US lawsuit accuses Harvard of ignoring sexual harassment
Harvard's Widener Library, pictured in 2007. A Palestinian student with a full scholarship to the storied university had his visa canceled Friday for friends' social media posts deemed critical of the U.S. (Photo: Joseph Williams/Flickr/cc)

Three women sued Harvard University on Tuesday alleging that the prestigious US institution ignored sexual harassment allegations against a prominent professor.

The plaintiffs, all doctoral students, say that anthropology professor John Comaroff kissed and groped students without their consent and threatened to sabotage their careers if they complained.

Margaret Czerwienski, Lilia Kilburn and Amulya Mandava say in their civil case that the 77-year-old Comaroff was allowed to get away with the alleged behavior for years.

"All three plaintiffs repeatedly complained to Harvard administrators," said the suit filed in a Boston federal court.

"But the university brushed them aside and opted to protect its star professor over vulnerable students," it added.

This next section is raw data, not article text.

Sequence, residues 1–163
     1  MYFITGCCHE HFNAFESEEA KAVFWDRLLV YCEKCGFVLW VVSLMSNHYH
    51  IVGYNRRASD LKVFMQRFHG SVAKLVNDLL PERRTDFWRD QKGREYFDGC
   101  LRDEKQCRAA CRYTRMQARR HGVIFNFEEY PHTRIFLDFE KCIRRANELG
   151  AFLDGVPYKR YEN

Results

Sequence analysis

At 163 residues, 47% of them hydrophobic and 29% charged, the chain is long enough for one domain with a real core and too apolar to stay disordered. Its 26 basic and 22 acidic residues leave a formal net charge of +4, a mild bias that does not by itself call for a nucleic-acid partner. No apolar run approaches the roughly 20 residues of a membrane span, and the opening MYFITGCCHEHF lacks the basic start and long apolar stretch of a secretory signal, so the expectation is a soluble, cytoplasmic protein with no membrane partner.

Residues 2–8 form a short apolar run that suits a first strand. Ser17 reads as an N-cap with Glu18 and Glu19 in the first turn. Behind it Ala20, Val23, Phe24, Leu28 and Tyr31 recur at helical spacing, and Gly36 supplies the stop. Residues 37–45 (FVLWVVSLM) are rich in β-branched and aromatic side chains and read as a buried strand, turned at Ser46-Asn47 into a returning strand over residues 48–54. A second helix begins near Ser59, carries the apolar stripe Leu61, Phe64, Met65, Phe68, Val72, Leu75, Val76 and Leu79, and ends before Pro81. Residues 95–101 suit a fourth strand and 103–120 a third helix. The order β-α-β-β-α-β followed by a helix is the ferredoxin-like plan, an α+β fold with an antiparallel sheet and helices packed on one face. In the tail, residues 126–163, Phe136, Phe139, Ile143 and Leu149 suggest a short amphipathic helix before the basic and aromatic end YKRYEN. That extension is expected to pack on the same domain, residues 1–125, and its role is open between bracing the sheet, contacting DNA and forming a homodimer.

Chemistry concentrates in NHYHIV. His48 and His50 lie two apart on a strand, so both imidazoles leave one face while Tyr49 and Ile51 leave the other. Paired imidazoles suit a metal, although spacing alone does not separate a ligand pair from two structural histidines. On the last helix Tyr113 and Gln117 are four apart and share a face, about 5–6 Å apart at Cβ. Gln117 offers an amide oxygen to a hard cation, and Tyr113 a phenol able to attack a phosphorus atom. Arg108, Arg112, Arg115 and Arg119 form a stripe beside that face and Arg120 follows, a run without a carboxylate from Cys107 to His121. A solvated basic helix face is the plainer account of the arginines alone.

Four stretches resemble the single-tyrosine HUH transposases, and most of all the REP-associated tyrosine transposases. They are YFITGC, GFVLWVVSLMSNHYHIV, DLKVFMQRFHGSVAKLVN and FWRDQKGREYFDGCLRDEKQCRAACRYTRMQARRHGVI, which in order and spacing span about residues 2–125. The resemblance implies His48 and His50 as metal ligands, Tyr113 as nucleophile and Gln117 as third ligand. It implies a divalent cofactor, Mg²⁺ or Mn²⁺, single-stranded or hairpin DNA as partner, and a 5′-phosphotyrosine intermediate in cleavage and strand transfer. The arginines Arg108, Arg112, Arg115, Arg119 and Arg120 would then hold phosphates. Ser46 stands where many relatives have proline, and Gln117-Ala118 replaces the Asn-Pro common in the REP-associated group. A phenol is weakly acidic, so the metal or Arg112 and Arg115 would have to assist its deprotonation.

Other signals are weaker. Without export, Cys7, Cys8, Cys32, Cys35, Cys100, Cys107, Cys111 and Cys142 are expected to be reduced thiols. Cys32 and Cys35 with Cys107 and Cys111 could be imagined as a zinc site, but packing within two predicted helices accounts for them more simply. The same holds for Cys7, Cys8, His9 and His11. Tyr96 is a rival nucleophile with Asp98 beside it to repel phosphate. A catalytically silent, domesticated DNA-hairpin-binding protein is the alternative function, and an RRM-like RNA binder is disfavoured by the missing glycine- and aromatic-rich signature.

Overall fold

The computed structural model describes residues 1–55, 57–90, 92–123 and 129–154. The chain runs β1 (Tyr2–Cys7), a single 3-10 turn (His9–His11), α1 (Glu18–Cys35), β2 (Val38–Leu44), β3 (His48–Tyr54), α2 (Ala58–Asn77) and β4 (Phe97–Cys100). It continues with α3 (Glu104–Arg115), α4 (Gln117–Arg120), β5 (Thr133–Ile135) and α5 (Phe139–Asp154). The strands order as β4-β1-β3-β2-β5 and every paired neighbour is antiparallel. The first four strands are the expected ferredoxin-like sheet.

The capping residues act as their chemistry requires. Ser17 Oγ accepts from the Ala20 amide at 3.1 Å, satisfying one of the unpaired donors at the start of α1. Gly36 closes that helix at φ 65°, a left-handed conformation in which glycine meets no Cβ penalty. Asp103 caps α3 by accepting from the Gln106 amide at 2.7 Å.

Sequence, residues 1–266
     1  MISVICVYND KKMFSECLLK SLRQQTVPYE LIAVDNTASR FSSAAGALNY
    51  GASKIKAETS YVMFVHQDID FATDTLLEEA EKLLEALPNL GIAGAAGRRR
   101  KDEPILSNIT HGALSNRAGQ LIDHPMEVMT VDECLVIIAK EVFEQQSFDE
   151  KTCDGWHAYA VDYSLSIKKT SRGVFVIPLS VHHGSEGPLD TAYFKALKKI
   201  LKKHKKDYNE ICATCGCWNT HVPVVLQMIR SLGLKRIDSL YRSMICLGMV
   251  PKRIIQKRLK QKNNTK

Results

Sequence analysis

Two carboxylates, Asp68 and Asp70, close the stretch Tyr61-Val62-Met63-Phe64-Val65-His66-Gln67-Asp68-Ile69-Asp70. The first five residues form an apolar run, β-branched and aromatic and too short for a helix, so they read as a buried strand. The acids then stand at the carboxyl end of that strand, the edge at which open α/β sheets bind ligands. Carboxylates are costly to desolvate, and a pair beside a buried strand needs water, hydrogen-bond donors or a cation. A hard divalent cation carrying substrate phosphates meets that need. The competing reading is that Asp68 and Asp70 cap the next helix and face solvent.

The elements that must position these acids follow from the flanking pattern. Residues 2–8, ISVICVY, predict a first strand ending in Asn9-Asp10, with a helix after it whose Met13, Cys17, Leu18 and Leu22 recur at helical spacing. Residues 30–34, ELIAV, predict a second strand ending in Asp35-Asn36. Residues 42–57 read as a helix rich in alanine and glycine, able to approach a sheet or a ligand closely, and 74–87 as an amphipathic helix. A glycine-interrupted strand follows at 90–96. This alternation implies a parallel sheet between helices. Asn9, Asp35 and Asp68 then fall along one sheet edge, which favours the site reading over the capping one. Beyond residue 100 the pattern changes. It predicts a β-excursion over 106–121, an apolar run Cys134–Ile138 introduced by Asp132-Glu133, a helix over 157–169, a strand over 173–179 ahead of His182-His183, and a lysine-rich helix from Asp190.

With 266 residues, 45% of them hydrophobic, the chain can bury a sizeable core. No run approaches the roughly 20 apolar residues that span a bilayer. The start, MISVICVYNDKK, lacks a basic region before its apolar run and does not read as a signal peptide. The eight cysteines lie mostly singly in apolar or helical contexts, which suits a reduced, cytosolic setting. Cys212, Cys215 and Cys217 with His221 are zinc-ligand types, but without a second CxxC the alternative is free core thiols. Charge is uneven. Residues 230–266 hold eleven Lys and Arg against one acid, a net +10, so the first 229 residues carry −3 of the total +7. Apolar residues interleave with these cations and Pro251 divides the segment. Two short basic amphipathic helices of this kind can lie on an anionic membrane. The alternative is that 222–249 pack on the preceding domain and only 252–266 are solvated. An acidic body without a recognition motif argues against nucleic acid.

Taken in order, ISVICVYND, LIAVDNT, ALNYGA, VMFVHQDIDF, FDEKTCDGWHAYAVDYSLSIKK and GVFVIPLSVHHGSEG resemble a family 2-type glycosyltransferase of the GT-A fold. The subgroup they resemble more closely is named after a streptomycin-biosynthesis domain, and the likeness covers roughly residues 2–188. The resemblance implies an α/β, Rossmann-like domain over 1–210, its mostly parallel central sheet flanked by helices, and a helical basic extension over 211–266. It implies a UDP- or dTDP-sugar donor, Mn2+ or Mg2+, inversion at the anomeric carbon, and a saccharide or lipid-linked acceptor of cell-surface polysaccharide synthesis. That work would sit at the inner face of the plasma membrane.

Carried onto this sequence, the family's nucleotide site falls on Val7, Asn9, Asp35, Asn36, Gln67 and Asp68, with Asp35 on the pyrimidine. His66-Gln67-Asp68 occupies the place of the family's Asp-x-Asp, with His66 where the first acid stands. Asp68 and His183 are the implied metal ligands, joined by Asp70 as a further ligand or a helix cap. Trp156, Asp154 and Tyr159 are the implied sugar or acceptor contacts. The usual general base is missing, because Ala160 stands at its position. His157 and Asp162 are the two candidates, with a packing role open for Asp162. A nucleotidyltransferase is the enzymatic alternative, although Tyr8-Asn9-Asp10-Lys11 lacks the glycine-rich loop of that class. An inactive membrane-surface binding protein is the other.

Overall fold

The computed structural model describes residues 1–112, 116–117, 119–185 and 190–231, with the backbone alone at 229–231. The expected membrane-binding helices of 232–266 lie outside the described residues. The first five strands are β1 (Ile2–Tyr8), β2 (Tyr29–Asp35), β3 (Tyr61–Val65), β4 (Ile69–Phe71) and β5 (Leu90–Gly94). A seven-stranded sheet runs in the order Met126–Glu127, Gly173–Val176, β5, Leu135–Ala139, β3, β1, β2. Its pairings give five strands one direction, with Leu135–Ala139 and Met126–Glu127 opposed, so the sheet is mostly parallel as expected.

The lawsuit says the women first approached Harvard staff about Comaroff nearly five years ago.

It alleges that Comaroff kissed Kilburn on the mouth without her consent, squeezed her thigh in public and told her she could be raped or killed in parts of Africa for being in a same-sex relationship.

The lawsuit says Kilburn was subjected to "a continuing nightmare that included more forced kissing, groping, persistent invitations to socialize alone off-campus, and coercive control."

Allegations against Comaroff were first detailed in the university's newspaper, The Harvard Crimson more than a year ago, according to the New York Times.

Comaroff was placed on administrative leave for this year's spring semester after an investigation last month found that he engaged in verbal conduct that violated Harvard's policies on harassment, the Times reported.

He was also barred from teaching required courses through the next academic year.

Comaroff was not found responsible for unwanted sexual contact though, the paper added.

The lawsuit, which seeks unspecified damages, describes the measures as "limited, temporary sanctions."

Harvard University's media team did not respond to requests for comment from AFP.

Lawyers for Comaroff disputed the accusations against their client in a statement carried by the New York Times.

"Professor Comaroff categorically denies ever harassing or retaliating against any student," they said.